Judge Puts Hold on Nevada's First Execution in 15 Years

A federal judge has stayed what was set to be Nevada's first execution in 15 years.

U.S. District Judge Richard Boulware II's order prevents the state from moving forward with Zane Michael Floyd's execution before the week of October 18, the Las Vegas Review-Journal reported.

The 45-year-old was sentenced to death for killing four people and wounding a fifth in a shotgun attack at a Las Vegas grocery store in 1999.

Earlier this month, a judge said prosecutors could set a date for Floyd's execution in July. It would have been Nevada's first execution since 2006.

But federal public defenders representing Floyd asked Boulware to allow enough time to investigate the effects of the untested sequence of drugs that prison officials want to use, including the powerful opioid fentanyl, ketamine, cisatracurium (a paralytic) and heart-stopping potassium chloride.

After a five-hour hearing on Monday, Boulware said he agreed with arguments by Floyd's public defenders. "Even for individuals who have been condemned to execution by the state, fundamental due process and fairness is required to have an adequate amount of time to be able to investigate the method by which the state intends to take his life," the judge said.

Boulware noted that Nevada's Department of Corrections had at least three months to develop an execution protocol for Floyd. Clark County District Attorney Steve Wolfson announced in March that he would seek an execution warrant for Floyd.

Floyd and his attorneys "should be afforded at least the same amount of time," Boulware said, according to the Associated Press. He noted the state had kept its "untested drug protocol" secret until last month.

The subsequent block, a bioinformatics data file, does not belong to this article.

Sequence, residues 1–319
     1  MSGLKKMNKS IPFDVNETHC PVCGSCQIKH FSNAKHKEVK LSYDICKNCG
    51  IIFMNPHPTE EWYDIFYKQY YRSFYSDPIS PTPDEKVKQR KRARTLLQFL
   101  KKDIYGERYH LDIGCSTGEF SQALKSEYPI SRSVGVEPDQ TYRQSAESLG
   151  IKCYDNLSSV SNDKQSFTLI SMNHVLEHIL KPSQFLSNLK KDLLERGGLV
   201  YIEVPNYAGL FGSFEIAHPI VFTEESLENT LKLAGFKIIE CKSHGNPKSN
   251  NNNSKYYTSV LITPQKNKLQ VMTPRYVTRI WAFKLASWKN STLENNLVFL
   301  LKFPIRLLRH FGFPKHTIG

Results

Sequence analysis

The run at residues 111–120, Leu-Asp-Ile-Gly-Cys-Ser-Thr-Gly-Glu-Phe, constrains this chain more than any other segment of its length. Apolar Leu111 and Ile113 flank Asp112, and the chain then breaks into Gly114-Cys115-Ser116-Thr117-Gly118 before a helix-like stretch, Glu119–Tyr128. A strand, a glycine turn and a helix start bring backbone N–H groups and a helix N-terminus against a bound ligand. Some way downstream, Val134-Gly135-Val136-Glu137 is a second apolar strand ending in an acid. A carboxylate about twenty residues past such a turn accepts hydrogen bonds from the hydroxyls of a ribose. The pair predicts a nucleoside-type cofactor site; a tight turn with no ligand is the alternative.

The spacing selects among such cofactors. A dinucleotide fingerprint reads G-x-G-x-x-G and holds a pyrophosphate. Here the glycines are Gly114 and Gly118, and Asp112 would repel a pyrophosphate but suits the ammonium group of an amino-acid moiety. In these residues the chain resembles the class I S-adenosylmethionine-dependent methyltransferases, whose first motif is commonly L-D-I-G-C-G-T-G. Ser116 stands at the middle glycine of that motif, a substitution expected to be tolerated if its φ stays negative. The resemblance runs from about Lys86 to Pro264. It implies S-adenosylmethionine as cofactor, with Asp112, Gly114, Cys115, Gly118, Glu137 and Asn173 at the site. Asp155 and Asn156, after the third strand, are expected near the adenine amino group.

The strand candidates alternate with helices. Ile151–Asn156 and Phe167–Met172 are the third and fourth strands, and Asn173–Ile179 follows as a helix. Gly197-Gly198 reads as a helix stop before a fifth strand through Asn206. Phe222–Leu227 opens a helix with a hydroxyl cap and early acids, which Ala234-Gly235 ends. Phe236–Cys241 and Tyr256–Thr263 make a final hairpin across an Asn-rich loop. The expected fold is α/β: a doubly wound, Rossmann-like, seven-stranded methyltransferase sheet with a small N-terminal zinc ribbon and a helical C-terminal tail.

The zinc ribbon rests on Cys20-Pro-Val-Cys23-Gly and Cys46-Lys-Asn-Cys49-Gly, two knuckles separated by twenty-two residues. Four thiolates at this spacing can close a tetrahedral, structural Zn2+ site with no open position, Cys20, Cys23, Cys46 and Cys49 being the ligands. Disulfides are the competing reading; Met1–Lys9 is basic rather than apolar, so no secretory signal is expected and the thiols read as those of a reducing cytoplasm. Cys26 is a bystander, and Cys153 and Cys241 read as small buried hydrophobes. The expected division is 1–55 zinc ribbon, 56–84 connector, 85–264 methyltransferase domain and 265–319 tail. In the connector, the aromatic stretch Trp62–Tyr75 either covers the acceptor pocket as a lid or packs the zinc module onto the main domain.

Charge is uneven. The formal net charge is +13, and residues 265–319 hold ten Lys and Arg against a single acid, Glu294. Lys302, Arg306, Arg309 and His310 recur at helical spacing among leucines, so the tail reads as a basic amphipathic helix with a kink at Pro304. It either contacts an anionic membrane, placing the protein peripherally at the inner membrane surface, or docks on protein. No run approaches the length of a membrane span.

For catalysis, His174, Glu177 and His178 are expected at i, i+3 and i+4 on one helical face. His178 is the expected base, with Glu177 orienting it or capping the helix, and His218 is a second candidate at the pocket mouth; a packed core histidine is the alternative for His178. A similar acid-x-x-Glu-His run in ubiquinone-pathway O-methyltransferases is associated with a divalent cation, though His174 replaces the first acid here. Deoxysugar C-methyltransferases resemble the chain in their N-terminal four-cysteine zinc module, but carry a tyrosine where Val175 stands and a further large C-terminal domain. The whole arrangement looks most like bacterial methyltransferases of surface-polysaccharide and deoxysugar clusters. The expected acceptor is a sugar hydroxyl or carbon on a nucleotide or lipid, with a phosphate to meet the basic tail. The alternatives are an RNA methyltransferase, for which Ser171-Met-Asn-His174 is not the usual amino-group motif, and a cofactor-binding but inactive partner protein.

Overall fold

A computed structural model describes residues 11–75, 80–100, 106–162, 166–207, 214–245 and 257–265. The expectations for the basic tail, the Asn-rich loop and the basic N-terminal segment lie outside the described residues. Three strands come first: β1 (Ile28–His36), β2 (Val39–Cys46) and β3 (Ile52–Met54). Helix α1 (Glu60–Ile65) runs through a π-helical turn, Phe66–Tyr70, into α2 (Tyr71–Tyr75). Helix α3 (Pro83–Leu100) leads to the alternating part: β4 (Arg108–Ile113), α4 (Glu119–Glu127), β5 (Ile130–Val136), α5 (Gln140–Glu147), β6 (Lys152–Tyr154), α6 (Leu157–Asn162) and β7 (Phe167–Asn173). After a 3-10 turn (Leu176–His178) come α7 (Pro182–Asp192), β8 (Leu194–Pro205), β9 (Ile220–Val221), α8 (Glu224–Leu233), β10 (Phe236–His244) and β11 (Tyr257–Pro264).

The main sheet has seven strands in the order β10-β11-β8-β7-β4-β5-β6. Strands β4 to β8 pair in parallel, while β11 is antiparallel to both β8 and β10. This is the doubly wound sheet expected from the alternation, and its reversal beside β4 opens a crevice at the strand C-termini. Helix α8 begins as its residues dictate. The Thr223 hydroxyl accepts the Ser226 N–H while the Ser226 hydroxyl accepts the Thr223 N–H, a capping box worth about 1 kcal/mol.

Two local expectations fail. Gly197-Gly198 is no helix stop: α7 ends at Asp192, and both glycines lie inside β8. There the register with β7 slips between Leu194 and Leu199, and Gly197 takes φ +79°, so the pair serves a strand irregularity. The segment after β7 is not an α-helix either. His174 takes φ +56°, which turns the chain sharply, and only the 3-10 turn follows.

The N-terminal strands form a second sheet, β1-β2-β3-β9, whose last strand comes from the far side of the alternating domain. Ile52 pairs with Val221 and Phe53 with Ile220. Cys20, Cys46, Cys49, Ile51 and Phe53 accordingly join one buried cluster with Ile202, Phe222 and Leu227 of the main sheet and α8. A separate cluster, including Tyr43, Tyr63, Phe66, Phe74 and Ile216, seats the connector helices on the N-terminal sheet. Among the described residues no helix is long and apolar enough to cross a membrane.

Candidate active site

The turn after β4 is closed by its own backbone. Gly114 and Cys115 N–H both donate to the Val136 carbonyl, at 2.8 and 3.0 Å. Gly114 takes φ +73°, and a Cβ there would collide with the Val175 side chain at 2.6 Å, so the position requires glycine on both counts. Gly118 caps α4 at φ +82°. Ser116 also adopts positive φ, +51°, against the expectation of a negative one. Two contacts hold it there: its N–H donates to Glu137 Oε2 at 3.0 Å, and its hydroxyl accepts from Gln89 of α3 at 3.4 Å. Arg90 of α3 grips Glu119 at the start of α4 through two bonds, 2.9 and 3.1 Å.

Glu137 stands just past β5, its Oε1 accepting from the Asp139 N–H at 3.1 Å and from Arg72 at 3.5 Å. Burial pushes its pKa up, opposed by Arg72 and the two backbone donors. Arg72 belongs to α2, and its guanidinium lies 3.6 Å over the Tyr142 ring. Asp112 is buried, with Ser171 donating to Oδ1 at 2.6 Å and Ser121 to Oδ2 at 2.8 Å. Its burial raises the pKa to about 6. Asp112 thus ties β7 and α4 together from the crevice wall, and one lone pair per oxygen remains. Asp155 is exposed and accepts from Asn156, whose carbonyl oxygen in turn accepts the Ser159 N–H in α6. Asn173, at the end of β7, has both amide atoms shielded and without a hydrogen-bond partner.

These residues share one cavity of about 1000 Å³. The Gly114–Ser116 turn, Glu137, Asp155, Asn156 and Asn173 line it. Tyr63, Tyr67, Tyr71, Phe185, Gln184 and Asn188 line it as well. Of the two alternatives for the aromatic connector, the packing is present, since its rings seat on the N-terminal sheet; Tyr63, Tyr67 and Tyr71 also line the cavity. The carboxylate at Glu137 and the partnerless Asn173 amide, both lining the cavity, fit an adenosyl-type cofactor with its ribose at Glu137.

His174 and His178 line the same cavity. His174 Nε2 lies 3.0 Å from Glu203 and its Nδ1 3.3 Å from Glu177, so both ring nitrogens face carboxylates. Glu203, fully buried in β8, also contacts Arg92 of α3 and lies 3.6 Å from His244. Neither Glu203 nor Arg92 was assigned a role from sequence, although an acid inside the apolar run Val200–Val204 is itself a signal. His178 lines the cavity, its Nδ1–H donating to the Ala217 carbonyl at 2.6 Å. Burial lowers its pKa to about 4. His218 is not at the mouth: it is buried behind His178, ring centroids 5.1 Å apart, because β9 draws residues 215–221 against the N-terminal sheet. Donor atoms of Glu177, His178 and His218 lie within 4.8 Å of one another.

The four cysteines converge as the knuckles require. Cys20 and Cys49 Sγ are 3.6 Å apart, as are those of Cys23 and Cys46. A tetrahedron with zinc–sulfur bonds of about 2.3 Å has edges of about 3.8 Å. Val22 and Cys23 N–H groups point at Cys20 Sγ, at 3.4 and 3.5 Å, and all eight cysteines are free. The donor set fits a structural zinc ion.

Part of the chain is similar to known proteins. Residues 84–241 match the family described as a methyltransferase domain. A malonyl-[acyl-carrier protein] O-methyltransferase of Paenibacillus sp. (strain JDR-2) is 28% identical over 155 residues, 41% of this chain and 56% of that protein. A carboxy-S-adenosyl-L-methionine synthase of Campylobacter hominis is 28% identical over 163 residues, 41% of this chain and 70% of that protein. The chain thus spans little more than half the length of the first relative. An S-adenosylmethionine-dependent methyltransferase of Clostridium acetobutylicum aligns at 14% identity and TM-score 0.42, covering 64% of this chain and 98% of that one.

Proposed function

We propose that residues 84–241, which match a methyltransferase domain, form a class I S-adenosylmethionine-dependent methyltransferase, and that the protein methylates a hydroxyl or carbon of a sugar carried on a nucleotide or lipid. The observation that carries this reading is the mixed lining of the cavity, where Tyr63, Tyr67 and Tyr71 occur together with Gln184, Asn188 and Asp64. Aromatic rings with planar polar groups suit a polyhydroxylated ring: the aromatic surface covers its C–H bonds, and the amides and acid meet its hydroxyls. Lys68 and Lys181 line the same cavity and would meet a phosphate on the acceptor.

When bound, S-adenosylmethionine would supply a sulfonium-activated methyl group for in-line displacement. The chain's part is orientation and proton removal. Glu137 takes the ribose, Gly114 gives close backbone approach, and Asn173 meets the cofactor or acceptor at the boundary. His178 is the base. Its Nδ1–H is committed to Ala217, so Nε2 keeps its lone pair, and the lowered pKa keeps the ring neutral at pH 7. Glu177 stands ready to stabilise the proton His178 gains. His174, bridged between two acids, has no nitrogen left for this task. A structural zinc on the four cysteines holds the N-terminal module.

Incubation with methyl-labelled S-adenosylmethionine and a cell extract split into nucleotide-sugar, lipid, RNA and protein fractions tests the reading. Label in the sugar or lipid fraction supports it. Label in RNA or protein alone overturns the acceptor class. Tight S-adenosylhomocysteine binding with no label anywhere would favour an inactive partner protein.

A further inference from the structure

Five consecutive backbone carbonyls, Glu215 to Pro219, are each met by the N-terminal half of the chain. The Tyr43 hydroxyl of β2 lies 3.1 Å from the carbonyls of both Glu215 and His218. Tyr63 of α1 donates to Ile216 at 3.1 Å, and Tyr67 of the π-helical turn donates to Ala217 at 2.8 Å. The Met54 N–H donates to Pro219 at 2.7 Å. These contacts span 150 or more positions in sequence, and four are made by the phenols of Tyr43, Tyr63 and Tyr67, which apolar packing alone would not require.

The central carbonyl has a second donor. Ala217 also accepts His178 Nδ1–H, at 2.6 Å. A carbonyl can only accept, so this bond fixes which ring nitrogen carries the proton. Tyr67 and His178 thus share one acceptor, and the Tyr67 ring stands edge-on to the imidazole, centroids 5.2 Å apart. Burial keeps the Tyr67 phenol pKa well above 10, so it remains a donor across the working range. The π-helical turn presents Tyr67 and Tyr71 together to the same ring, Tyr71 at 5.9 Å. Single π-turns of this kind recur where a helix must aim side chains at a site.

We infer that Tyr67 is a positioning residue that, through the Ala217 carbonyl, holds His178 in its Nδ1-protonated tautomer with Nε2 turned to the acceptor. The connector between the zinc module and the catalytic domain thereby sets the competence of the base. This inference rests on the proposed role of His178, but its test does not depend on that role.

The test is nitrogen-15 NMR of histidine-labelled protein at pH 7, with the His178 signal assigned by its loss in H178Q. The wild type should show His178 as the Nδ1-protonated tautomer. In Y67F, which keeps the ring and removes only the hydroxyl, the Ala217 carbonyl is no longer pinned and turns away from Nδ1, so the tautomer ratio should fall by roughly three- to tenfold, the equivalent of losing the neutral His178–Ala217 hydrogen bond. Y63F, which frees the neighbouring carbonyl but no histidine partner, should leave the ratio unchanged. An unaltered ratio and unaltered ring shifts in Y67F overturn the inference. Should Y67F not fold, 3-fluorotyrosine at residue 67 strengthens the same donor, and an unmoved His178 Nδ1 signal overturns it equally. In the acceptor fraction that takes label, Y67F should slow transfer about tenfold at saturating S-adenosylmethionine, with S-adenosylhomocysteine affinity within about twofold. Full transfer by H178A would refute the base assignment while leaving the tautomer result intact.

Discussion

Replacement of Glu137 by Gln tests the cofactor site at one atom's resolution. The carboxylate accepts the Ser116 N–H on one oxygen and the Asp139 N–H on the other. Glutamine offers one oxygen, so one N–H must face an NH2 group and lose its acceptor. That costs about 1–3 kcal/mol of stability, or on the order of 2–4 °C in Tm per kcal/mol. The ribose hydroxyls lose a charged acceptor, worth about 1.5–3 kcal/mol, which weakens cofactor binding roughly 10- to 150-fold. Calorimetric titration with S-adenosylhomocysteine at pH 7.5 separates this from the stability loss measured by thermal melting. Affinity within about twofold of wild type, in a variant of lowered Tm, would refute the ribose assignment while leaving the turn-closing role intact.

"We're very pleased that we're going to have an opportunity to litigate the state's novel and untested and experimental protocol," Assistant Federal Public Defender David Anthony told the Review-Journal.

Execution protest in Washington
Demonstrators protest federal executions of death row inmates in front of the US Justice Department in Washington, DC, on December 10, 2020 Nicholas Kamm/AFP via Getty Images

Floyd's attorneys have argued that the use of ketamine could cause "excessive secretions from the mouth" and vomiting, leading to a burning sensation in the veins and lungs.

Last week, a company that makes ketamine threatened legal action if Nevada did not return its supply of the drug.

In a cease-and-desist letter, Josh Reid, a lawyer for Hikma Pharmaceuticals, said the state obtained 50 vials of ketamine illegally.

Reid also noted the company won a lawsuit in 2018 after claiming the Nevada Department of Corrections had resorted to "subterfuge" when it similarly acquired ketamine for an execution.

"This is not Hikma's first rodeo with NDOC on this issue, and the OAG and NDOC are well aware of Hikma's long history of opposing the purchase and misuse of its life-saving products for capital punishment," Reid wrote.

"It is nothing less than shocking and embarrassing for the state of Nevada."

According to the AP, Chief Deputy Nevada Attorney General Randall Gilmer, who argued the state's case on Monday, said prosecutors expect to prevail if the company follows through on threats to sue. Gilmer also said the state can obtain ketamine from other sources.